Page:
Tuesday, August 31, 2010

Poetry About Life

Sometimes, I'm scared to write how I really feel, but that's what we need writing for. It's easy to lie to ourselves, much easier than to others. But, if I wrote a lie, I might become who I meant to be, that is meant to be in the lie. So, I write poetry about what's true, because poems are stories too.

Solitude in the Center

I want to lock myself in a room,
To get away from this small world.
Walls as bare as my heart might share
A friendship with me.

I want to run away,
Bare feet flinging pebbles in the air,
Scratching soles into sharp sand,
So that I’d feel connected by the pain.

Why are there no roads,
Where no one else can follow?

Monday, August 23, 2010

Inherent Poetics

This week I wanted to go back to my roots in writing and post some poetry, that I feel really emerged out of late night contemplations, twisting and turning as the stars started to dim. Hope it brings some meaning to the world.


The sun down under strikes me cruelly,
Each golden spear from the heavenly sphere
Pierces dark skin and white bone,
Like Longivas. Fill me with fear
As I burn, more black than brown.
The sound of hope rumbles closer.
Cloudy blue waving back and forth:
Drawing and dragging color,
Mixing and making sand and stone,
Breaking and making reflections.
I exhale.

Warm breath mixes
With warmer air; its place uncertain.
The sweet calm exudes the cool
Touch of salvation. Deceptive.
The shaded depths swallow whole.
I will not float, but lose,
Misplace and waste myself in the turnings and twisting
Unseen below the surface.
But to taste the moist kiss upon my skin!
The violet surge splashes horror on my face.
Stasis. Stillness. Stagnant. Stop.
I inhale.

My unbidden choice.
Tempt terror for a taste.
Warm, I drift,
Lost in its supremacy.


We cry.
Before we are born,
Before we emerge from insipid security,
And open up our throats to the sweet dryness of air,
Membranes crackling and eyes red,
Death molests our bodies.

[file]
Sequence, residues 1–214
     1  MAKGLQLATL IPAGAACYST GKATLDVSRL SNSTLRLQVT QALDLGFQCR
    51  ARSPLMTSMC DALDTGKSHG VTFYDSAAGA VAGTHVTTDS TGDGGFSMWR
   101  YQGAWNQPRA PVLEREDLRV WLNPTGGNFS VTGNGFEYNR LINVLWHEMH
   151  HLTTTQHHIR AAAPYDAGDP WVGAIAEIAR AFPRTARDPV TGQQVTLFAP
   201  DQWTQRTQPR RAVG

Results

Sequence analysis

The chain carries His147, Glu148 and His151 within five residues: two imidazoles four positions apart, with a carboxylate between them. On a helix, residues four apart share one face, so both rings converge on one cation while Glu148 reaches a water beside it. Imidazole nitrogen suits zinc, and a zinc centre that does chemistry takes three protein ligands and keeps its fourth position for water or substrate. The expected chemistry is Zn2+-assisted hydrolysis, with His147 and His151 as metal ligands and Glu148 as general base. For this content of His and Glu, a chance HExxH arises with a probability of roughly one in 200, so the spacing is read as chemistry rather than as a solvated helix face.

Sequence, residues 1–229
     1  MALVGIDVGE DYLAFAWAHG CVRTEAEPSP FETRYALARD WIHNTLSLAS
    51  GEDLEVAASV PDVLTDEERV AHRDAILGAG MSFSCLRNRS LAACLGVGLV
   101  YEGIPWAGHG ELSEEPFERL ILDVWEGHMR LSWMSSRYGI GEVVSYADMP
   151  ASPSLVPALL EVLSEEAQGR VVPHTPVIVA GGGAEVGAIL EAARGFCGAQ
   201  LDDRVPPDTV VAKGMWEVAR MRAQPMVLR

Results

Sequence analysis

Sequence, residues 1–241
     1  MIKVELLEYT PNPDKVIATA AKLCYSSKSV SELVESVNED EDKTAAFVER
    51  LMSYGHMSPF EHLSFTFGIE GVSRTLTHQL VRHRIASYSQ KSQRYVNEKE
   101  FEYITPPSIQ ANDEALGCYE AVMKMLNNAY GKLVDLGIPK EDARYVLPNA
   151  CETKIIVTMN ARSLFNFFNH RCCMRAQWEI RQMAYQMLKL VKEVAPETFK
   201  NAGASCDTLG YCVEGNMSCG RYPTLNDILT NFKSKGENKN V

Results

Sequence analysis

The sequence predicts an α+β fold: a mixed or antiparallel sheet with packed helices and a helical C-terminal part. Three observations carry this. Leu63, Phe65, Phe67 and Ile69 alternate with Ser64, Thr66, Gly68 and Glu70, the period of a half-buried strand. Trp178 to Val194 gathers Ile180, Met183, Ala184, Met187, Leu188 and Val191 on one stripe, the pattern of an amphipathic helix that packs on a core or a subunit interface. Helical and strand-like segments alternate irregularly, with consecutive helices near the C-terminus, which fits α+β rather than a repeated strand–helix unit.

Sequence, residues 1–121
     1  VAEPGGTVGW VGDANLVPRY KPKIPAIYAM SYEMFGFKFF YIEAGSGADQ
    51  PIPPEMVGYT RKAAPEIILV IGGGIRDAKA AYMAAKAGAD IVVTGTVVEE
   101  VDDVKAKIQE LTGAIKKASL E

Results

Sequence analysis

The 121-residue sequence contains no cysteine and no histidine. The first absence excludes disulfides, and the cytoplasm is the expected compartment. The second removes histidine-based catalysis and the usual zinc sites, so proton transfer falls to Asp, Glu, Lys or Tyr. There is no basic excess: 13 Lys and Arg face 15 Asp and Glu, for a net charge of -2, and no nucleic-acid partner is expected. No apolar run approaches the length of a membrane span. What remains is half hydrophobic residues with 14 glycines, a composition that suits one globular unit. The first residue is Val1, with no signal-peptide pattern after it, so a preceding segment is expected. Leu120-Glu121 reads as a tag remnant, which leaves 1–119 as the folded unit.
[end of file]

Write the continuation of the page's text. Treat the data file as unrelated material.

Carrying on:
We cry.
As we grow inside,
We can only die,
Pointlessly, a dull knife
Brutally awakens.
And, as we are born,
We can only cry.

Thursday, August 19, 2010

Childhood Memories

It was a world we shared with none. After K-5 and sometimes before, we discovered adventures. And, childhood is special; some things I think we'll never forget. The latest short piece is based on what I can remember of kindergarten and what I miss now that I've grown up, just as big as I wanted to be. I hope it reminds you of some memories that you're forgotten too. After all, that's the point of the memoir, I think.

Wednesday, August 18, 2010

Secret Playground

I’d swear the house was a historical artifact of some kind. It was made of wood that had long lost its flavor and had become more like what’s left of wood when digested by some kind of acid: grey, mossy, and suspiciously speckled. From the outside, the house looked deserted and even dead. Even spirits wouldn’t want to go into this little two-story cabin, with large wood-frame windows. Two on the front of the house on the second floor recalled eyes; but not eyes ever lit by fire or passion or vision, just dull, dark squares.

Despite the dilapidated condition of it, the house was actually my kindergarten classroom, at least on the first floor. In the little classroom with blue chairs and desks, I’d have my first fight, my childhood enemy pushing me onto the yellowish wall. My left front tooth on the top bears a little triangular chip in it still; I don’t think I’ve ever told anyone how that happened. In here, I’d have my first crush. A light-skinned little girl named S, with the biggest eyes and the whitest smile, just inflamed my little mind, maybe my heart too. Of course, I was barely six. One day when we are playing Vampires vs. Hunters, I will be the vampire who infects her; I sneaked a little kiss on her neck. It would be the scandal of the school yard that day. Recess was filled with shouts and teasing, “He kissed her!” I’d turn red under my brown skin and run away, my power ranger sneakers lighting my escape.

Around this school house was a huge yard, just exactly what kids needed. It was sandy but not grainy; I think a lot of grass grew there among the trees which seemed gigantic to us miniscule little people. There was a cashew tree, which would bloom pinkish purple and sometimes drop delicious pink fruit. Biting into that white flesh would fill my mouth with the sweetest juices known to men, little men like us. Then, there was the tamarind tree, the grandfather of us all. Without doubt, it easily spanned half of the yard and was hundreds of feet high. We would find its brown, hard-shelled pods but could not understand how to eat them. In any case, it was unlike any delicious fruit we had ever seen; tamarind is not fleshy, aromatic, or attractive even by sight. Then, there were the trees that seemed to be there for nothing, no fruits, just occasionally spraying us with leaves, shading us from rain. What do plants do for us anyway? It would be another six years before I’d heard of photosynthesis.